This section is from the book "A Treatise On Architecture And Building Construction Vol2: Masonry. Carpentry. Joinery", by The Colliery Engineer Co. Also available from Amazon: A Treatise On Architecture And Building Construction.
Stiffened Wire Lathing. The use of separate furring strips forms an item of expense that may be avoided by substituting, for the plain wire lathing, those having ribs attached or woven into the cloth. The first mentioned is the Clinton stiffened lath, which consists of narrow strips of corrugated steel fastened to the netting at 8-inch intervals, crosswise to the length of the roll, by means of metal clips. The lathing is nailed to the floor joists or studs with the strips next the wood, and serves to keep the cloth away from it. .
The second kind referred to is the Roebling lath, and is formed of ordinary wire cloth having V-shaped stiffeners woven into the cloth at distances of about 8 inches. These ribs are made of sheet iron, and vary from 3/8 inch to 1 1/2 inches in depth, the former being the standard size, while the heavier sizes are used for furring exterior walls, to provide greater air space. The wire cloth is made with 2 1/2 X 2 1/2, 3 X 3, and 3 X 5 meshes per inch, the first being the usual size for lime-and-hair mortar, and the others being used with hard plasters.
In Fig. 100 is shown the Roebling lath; a represents the plaster; b, the wire cloth, stiffened by the strips c, which are attached to the woodwork d by sharp-pointed nails driven through the point of the V.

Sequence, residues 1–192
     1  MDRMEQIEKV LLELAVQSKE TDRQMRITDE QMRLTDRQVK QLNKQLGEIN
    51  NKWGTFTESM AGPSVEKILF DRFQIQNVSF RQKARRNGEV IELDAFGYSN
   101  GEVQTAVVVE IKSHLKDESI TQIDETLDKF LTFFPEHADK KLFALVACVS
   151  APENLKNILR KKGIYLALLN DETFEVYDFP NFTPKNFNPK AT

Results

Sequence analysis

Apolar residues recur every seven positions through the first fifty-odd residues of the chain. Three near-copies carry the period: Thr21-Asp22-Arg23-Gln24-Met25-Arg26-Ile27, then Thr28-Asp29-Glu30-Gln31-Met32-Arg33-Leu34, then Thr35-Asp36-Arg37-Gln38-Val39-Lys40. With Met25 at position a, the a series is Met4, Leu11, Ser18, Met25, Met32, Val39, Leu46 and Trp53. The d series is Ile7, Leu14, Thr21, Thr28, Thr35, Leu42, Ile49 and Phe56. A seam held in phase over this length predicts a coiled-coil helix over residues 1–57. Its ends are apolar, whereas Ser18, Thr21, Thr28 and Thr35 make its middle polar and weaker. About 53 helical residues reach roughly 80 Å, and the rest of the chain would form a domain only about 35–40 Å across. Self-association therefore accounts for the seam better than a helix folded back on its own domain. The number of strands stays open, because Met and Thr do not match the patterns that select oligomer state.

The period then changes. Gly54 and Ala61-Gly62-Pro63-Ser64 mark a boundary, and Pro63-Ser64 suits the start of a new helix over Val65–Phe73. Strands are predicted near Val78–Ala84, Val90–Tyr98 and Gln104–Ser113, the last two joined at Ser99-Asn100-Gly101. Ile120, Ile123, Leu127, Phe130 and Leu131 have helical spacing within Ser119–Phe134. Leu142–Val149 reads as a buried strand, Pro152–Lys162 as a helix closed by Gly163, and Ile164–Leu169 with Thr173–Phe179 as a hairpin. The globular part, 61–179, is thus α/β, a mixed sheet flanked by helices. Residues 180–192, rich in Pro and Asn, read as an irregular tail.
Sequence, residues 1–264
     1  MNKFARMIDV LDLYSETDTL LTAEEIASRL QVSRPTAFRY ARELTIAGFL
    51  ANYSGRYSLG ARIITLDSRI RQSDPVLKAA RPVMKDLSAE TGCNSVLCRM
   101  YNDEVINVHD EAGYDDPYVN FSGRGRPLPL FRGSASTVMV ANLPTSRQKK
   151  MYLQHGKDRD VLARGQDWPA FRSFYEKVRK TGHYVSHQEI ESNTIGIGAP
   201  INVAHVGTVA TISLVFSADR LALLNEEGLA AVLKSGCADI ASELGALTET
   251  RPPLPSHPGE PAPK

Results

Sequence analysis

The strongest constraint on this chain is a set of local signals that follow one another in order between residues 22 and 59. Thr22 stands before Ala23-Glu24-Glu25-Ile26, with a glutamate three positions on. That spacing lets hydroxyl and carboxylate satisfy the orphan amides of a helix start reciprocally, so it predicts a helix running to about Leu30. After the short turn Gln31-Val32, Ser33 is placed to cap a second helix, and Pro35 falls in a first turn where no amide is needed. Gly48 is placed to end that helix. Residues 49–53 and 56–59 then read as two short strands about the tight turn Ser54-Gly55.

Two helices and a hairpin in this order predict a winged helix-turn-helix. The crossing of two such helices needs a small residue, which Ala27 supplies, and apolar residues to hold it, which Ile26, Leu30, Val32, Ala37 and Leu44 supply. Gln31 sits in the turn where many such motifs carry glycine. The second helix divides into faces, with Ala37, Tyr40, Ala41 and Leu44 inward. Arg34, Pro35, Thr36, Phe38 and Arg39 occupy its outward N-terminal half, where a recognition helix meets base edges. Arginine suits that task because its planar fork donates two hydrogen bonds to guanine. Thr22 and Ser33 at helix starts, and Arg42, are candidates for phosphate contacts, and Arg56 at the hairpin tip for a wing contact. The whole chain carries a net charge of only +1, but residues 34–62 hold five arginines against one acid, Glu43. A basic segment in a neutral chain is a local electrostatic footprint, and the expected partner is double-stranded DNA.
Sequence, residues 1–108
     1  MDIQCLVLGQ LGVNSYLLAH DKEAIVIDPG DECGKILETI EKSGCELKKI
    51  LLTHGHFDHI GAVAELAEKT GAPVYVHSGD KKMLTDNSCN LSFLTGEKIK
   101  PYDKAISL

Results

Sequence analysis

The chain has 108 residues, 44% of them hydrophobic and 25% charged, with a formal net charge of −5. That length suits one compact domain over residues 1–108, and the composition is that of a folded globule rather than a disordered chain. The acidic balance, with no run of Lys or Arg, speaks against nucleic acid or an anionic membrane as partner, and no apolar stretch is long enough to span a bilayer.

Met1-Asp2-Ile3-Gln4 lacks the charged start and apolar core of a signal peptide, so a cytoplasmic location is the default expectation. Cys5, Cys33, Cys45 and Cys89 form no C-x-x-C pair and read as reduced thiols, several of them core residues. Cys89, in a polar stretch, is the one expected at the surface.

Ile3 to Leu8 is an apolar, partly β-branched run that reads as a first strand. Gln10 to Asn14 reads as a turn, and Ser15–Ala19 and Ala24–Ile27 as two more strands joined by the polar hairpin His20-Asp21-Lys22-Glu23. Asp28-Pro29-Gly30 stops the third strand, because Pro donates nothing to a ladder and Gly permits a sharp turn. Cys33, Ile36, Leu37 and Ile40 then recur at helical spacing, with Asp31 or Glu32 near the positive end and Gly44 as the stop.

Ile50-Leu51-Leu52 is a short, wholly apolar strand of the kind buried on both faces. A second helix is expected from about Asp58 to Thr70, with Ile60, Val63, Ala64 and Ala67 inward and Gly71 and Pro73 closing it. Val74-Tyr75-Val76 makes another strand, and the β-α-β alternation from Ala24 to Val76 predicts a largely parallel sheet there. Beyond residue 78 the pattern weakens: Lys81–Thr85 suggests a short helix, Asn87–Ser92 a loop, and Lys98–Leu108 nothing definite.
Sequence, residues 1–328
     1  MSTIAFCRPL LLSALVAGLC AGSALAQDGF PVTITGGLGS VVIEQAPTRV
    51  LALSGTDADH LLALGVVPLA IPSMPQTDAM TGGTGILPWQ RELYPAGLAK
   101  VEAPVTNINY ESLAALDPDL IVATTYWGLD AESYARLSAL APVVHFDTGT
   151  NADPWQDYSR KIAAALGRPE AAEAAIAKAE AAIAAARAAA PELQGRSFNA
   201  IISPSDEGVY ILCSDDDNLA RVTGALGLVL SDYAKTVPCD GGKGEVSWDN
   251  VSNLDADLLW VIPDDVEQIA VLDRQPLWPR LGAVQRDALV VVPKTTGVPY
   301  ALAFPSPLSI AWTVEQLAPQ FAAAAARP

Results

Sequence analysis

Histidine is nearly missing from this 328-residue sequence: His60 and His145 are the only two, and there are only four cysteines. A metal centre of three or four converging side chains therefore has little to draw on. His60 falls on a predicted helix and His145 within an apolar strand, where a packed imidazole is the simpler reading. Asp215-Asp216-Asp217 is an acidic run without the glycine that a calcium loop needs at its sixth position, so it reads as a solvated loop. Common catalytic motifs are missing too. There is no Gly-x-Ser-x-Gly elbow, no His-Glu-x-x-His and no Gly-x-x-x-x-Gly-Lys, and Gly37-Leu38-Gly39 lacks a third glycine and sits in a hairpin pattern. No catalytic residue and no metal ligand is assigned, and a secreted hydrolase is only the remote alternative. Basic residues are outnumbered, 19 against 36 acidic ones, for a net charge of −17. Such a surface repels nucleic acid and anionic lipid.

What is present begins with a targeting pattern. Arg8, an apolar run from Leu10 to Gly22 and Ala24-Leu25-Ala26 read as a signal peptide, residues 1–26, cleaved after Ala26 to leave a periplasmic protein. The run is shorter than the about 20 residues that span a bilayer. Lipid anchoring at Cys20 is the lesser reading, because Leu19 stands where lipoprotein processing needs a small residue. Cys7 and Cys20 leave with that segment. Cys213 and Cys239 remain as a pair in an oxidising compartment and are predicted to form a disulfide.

213. Expanded and 1/4 in. X 1 1/4 in., and in sheets from 14 to 20 inches in width and 8 feet long; the thickness of the lathing is barely 1/4 inch. This lath possesses considerable stiffness, and does not need stretching-; it can be fastened directly to the floor joists and studding; but, when laid on boards, metal furring should be interposed. The lathing is stiffer when placed so as to have the long diagonals of the mesh at right angles to the studding, etc., to which it is fastened by 1-inch staples.
Fig. 101 shows a kind of metal lathing made from thin sheets of soft and tough steel, slit and expanded so that a diamond-shaped mesh is formed, with the width of the strips turned nearly square to the surface of the sheet. It may be had in two sizes of mesh, 3/16 in. X 1 1/4 in.
214. Perforated sheet-metal lath are made by corrugating or ribbing sheets of thin steel or iron and punching out or expanding some of the metal between the ribs, in order to afford a good clinch for the plastering. There are a number of different kinds, but the general appearance is similar to that shown in Fig. 102. The usual size of the sheets is 8 feet long by from 16 to 24 inches wide. These laths are much more easy to put on than wire cloth, and can be applied as quickly as wood lath, being especially easy to bend to fit corners (where the lathing should never be cut, but continued to the next stud beyond the angle, so as to stiffen the wall and prevent cracks at the corners). The lathing is fastened by means of barbed nails; the nailing should be started at the middle of the sheet and carried to the ends, in order to make the lathing set firmly on the woodwork.
Fig. 102 shows one of the best known and most satisfactory metal laths, which is called the Bostzvick. This is made of ribbed sheet steel, having considerable of the metal between the ribs cut and curved out; the openings are 3/8 in. X 1 3/4 in., and the ribs are spaced 3/4 inch apart. This lath should be put on with the raised side outwards.